Ocean carbon models and the sediment record both indicate that chemical recovery from projected CO2 emissions will require thousands of years (chemical equilibration with carbonate minerals) to hundreds of thousands of years (equilibration with the carbonate-silicate cycle) [4]. This means that the chemical effects of CO2 released from anthropogenic sources are not confined to a century time scale.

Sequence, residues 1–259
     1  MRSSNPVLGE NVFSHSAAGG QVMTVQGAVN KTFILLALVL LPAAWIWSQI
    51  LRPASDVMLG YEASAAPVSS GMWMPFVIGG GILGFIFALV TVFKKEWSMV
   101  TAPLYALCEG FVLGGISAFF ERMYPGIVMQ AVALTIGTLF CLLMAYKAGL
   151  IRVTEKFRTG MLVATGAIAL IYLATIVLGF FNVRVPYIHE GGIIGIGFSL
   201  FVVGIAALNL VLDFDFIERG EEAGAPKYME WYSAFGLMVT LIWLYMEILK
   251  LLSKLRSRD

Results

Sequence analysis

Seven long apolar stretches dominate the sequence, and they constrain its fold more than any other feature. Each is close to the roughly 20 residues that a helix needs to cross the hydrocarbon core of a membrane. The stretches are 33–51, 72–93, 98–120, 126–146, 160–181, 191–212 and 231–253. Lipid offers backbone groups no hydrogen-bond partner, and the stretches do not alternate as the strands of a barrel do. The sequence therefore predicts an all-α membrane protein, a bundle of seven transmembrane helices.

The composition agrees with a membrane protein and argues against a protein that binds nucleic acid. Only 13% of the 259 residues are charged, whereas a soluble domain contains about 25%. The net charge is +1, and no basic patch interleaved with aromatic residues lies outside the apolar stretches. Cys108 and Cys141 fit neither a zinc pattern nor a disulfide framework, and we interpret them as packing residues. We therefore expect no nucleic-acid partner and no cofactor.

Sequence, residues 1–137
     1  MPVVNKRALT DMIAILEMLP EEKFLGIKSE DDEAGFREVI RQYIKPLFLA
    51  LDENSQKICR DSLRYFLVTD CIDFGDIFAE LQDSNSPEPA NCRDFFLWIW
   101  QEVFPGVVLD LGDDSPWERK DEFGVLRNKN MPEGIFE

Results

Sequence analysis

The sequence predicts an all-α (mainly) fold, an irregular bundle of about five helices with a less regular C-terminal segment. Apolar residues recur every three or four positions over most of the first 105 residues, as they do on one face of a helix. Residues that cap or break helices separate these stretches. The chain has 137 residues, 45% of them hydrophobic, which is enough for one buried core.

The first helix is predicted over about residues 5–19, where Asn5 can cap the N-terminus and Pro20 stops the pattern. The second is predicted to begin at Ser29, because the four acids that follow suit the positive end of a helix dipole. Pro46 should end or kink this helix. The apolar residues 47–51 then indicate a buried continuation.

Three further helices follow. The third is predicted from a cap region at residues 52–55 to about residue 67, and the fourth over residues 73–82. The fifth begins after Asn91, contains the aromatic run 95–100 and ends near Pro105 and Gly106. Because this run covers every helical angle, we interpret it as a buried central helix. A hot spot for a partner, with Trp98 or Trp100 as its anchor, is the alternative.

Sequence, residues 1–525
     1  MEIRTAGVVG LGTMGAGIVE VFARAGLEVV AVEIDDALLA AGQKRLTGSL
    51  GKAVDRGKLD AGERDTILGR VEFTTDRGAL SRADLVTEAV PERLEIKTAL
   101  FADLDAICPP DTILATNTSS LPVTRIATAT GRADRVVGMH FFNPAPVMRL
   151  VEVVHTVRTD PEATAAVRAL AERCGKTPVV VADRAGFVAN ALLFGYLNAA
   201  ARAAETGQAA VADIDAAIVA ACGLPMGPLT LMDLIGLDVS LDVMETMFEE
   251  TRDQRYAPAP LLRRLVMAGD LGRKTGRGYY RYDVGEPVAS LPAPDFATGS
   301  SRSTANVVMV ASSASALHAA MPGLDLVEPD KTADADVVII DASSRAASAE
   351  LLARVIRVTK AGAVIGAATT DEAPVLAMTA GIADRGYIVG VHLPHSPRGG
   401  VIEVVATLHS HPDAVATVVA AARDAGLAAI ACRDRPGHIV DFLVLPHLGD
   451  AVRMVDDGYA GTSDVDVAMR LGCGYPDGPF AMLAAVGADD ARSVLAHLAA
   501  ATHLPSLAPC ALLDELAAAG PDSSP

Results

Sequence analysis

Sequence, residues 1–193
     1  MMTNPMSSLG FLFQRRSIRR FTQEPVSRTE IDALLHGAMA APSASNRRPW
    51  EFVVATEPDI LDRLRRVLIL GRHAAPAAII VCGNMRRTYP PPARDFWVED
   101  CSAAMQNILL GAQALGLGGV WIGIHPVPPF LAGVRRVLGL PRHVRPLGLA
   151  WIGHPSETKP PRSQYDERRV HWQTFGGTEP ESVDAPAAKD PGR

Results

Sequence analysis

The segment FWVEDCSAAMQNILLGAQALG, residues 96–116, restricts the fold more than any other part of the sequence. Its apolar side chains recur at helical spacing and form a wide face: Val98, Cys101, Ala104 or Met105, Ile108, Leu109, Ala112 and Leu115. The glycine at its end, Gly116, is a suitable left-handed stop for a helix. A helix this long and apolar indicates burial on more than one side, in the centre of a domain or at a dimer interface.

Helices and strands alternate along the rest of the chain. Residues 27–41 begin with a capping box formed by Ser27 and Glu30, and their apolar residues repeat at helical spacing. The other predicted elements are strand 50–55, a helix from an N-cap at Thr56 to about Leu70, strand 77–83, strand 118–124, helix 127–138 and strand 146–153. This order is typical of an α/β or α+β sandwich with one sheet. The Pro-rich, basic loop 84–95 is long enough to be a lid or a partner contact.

Diversity of the sea bed dwelling organisms after the acidification event 55 Ma ago took several hundreds of thousands of years to recover. In contrast, there is evidence that planktonic calcifiers tracked their habitat during this event (e.g. tropical species migrated towards the poles), thereby avoiding extinction [88]. The geological record also shows that Scleractinian corals have survived several mass extinction events, likely due to perturbations in the carbon cycle, but they took several millions of years to recover [89 91]. These lessons from the past indicate that should increasing ocean acidification lead to significant loss of biodiversity and even extinction, biological systems may not 'recover' to pre-industrial ecosystems, but rather may 'transition' to a new state.

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